Butler's ArtsFest closes this weekend with what may well prove its most provocative, illuminating, adventurous show. Quantum: Music at the Frontier of Science tells the parallel stories of quantum physics and modern music, which, if you ask Ontario-based conductor Edwin Outwater, share quite a bit in common. He's partnering with the Indianapolis Symphony Orchestra on the show, premiered in 2012 and developed by Outwater with the University of Waterloo's Institute for Quantum Computing. This will be its U.S. debut. Outwater tells us more.
NUVO: How did you start to draw parallels between quantum theory and music?
Edwin Outwater: The process was freeform at first. We sat down with a group of people from the Institute for Quantum Computing and talked about what physics and music have in common.
We learned two things: First, the timelines of how both classical music and physics developed, through the 18th and 19th centuries, are remarkably similar. Mozart and Isaac Newton had a lot in common in the way they perceived things, and maybe that's just because of the way things were perceived at that time. And then, in both physics and music, there's sort of a language breakdown at the turn of the 20th century. Classical ideas in physics started to fall apart when Einstein discovered what he called "spooky action at a distance," basically the first quantum phenomena. At the same time, Schoenberg, in particular, threw musical thinking on its head by saying that musical language as we knew it had kind of exhausted itself, and a good amount of the intellectual crowd went along with that.
The second thing was that the strange experimental music of the 20th century reflected, coincidentally or not, what was going on it science. Music experimented with how it takes place in a given space, how random phenomena are involved, and other things along those lines that reflected the physics research, and especially the quantum research, that was going on.
NUVO: The program starts by pointing out similarities between Mozart and Newton, their interest in symmetry, in an equal reaction to an action.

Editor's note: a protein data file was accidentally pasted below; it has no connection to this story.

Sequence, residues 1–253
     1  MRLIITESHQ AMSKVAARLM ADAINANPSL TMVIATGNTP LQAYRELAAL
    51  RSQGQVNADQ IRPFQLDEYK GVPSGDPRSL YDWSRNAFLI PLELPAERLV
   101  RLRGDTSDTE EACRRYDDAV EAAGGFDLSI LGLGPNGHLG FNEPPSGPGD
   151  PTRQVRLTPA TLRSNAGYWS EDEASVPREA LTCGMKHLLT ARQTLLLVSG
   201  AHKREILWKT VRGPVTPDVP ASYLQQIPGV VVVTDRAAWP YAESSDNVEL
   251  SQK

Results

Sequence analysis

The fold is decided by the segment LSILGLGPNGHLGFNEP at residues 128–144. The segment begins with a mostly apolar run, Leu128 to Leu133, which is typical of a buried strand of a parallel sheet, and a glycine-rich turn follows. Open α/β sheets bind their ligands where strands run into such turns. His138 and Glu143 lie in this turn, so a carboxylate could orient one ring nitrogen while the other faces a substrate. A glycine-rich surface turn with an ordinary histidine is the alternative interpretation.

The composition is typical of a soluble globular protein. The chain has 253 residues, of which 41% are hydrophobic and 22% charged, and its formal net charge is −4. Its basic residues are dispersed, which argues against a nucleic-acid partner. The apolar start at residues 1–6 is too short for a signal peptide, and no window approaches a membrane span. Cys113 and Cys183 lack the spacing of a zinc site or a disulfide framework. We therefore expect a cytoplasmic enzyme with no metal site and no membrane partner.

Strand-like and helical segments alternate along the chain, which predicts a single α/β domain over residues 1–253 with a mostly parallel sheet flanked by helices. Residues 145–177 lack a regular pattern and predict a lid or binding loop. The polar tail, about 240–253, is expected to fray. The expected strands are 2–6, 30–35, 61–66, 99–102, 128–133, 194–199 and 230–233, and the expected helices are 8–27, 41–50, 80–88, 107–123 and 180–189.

Outwater: Generally, the role of an artist or composer is to give an expression to how people perceive reality, and at that time, during the Enlightenment, reality was certainly perceived in that way. Quantum perception, if we even know what it is, is totally different. Even today we still perceive music in terms of Mozart and physics in terms of Isaac Newton, but we're now aware that some very different things are actually happening outside of our frame of reference and reality. These artists of the 20th century are doing music that some might find bizarre but are in some ways reflecting a reality being perceived or possibilities being perceived.
NUVO: And while Mozart may not have been aware of role math played in his music, you eventually play composers who actually used math and science to create their work.
Outwater: Xenakis, who's featured heavily in this program at the end, used game theory, set theory, even early computer science to model things in music. He was an engineer and architect who worked with Le Corbusier.
NUVO: And you play a piece by Henry Brant, who was interested in another dimension of music (space) in the same way string theory and quantum theory talks about multiple dimensions.
Outwater: To be fair, a lot of composers from the beginning of music explored music in a space, but that seemed to be the main driving force of Brant's music. We're not trying to say that everything clearly connected, but there are these resonances in how music was happening at that time versus how science was happening at that time, and they illuminate each other.
NUVO: How did you present the science in such a way that people wouldn't fall asleep?
Outwater: Instead of trying to give an explanation, we're trying to create a feeling because that's what music does so well. It creates a visceral or emotional reaction to whatever the artist is trying to express. You get a sense of mystery and adventure, and even humor, in the concert. What I was trying to do in putting the show together is create something like Cosmos or a great PBS documentary that has constant interest and entertainment, as well as provides a lot of information.
NUVO: Do you talk about the Music of the Spheres, a concept which said that the universe was structured in a musical way?
Outwater: We allude to that, but that goes way back, even to the Greeks. We don't even know what that music sounded like! We have some idea, but we don't have the music. The idea of music as a sort of unifying force is certainly as old as the idea of science being one. I think another interesting thing in putting music in the context of science is you realize how much a part of everything it is. That's why I get kind of upset when people try to keep science and cut music programs in education. Music has been a part of education as long as we've been a culture. Certainly at the very beginning with the Music of the Spheres, it was an essential part of understanding the world, not only in terms of perception, but even of politics.